The great thing about the so-called Third Wave of Coffee is the fact that you can consistently get top quality, freshly roasted single origin coffee from far flung owner-grower plantations from all over the world. Perth, being one of Australia's great coffee capitals (yes I admit Melbourne comes first), is privileged to host exponents in this field.
Like this Guatemalan beauty from Jose Fernando Valdes' Finca Manila plantation, which is located in Nuevo Progreso, San Marcos, a very remote region around 250km from Guatemala City, which was freshly roasted in Ristretto Roasters' little roasting shop in Northbridge (where you can also get a coffee and buy beans through the little window overlooking the laneway).
Notes of "juicy sugarcane and an elegant floral finish"? Yes I'm told that I should let the beans sit for around a week to hit their peak, but I can't wait to get home and crank this baby up in Miss Silvia tonight!
Post-note #1: After a few days of enjoying coffee brewed from these beans, I can confirm that it makes a great espresso - a mouth filling initial attack of almost pure dark chocolate (like drinking a melted square of one of those 99% Dark Chocolates from Lindt) with caramel aromas and flavours shining through the chocolatey denseness. The finish is crisp, without any noticeable citrus. The texture is almost powdery dry, like having a spoonful of cocoa powder in your mouth.
I'm looking forward to tasting and smelling how these beans evolve over the coming weeks!
Post-note #2 (30 May 2015): I believe that you should only grind your beans just before you make your coffee - this preserves maximum flavour, oils and freshness. No need to be precious about getting the best, fancy top of the range grinder, unless you're an über-aficionado of coffee who lives for all of the barely imperceptible nuances and dimensions of flavour and texture that us mere mortals could not even comprehend. Or unless you're running a cafe and need a serious industrial strength grinder - but this article is directed at the home coffee aficionado.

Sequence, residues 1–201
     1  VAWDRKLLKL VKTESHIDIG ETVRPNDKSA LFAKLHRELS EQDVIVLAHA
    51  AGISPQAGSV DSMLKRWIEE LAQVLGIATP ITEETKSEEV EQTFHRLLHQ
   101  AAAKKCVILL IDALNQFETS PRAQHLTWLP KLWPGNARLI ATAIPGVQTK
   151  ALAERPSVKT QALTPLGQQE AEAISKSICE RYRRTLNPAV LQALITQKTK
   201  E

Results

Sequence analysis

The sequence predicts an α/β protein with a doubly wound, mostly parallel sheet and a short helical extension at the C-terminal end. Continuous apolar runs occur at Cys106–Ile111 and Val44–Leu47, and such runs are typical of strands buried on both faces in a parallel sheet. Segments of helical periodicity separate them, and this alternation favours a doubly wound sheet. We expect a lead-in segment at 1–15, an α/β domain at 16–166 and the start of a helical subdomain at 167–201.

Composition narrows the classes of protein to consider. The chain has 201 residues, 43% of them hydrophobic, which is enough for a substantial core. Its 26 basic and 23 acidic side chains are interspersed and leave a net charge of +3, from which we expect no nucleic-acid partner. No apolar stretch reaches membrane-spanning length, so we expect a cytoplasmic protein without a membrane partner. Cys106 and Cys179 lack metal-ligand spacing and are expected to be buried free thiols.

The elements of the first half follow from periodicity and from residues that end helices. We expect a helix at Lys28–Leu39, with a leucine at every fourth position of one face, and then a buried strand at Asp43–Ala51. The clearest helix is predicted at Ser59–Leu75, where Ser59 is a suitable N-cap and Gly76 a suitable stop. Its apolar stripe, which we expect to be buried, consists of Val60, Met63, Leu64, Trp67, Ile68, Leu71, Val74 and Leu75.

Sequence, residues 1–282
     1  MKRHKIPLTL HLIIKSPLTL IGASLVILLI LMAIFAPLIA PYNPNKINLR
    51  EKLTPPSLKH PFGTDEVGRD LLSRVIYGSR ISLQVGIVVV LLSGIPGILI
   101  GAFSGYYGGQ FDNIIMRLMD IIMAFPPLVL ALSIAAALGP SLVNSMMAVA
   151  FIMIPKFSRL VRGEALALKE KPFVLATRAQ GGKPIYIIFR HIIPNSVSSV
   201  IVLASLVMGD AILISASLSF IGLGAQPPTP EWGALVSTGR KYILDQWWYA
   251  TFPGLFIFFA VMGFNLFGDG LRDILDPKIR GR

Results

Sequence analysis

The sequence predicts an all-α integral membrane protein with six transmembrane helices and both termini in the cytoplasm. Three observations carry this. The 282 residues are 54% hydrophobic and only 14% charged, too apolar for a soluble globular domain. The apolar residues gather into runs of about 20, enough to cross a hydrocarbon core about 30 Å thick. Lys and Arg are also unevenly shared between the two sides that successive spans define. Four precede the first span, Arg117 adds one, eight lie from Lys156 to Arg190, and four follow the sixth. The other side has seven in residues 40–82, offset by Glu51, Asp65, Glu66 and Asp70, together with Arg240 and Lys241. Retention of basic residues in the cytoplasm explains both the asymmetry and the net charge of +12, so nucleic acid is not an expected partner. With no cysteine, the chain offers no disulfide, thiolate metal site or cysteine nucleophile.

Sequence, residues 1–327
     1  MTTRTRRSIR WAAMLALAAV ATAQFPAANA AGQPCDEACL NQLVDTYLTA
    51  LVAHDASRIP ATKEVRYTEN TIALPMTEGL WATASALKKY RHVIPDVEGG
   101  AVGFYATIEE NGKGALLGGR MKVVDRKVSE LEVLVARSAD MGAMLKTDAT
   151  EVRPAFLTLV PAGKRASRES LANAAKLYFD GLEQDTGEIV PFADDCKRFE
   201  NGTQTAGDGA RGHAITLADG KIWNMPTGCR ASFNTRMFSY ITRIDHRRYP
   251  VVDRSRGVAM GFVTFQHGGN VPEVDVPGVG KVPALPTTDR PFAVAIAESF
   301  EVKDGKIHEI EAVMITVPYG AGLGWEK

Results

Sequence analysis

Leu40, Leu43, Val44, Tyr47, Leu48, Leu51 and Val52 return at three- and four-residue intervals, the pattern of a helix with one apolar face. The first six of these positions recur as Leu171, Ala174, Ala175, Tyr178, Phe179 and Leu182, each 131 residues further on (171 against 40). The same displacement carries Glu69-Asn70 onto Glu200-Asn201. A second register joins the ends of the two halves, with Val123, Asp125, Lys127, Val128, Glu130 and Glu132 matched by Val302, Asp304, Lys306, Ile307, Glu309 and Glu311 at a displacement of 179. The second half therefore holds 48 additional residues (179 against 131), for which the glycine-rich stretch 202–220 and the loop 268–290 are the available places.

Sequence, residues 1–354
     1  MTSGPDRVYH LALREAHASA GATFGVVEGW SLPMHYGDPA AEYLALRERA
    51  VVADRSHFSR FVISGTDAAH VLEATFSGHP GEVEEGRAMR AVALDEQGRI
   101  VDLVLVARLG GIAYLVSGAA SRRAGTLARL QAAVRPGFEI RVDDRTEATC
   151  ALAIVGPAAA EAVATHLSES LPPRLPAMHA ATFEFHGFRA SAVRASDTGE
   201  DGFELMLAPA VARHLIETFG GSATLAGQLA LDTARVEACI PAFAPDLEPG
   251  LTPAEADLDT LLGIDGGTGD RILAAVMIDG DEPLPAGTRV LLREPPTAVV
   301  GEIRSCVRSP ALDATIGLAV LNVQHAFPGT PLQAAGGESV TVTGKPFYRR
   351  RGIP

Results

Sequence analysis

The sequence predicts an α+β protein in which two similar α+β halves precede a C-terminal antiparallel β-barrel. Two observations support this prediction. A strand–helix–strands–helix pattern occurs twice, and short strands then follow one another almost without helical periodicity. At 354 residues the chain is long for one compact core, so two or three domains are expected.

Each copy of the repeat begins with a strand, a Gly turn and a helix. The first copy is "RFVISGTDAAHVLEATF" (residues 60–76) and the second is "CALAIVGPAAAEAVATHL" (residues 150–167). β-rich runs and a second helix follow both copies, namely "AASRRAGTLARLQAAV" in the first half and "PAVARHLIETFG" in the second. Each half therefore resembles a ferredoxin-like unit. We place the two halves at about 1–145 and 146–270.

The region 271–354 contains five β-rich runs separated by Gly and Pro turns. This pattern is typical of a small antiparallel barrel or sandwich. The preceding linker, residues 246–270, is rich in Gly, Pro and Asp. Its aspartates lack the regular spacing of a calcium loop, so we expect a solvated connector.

All you really need is to ensure is that your grinder has a burr mill rather than steel blades (the latter will heat up the coffee and degrade its quality before it even goes into your filter basket). You should also make sure that you can adjust the fineness of the grind, because different beans with different post-roasting ages will require a different fineness of grind. Generally, the longer it has been since roasting, then you should consider a finer grind - unfortunately trial and error is mandatory since every bag of beans will be slightly different).
A ceramic burr grinder will in theory generate even less heat than a steel burr grinder, but I'm not sure it will make a real difference if you only grind enough beans for one or two shots of coffee at a time.
Of course, you get what you pay for, so it's a bit of a balance between a lower price and acceptable durability/quality.
To save you some effort, I've done some searches: the Cuisinart (see my US Amazon Affiliate link below) is an example of something that will do the job, but which won't cost a huge amount of money. Unfortunately, it doesn't ship to Australia, but I hope that this example gives you an idea of what parameters to look for in selecting a coffee grinder for home use.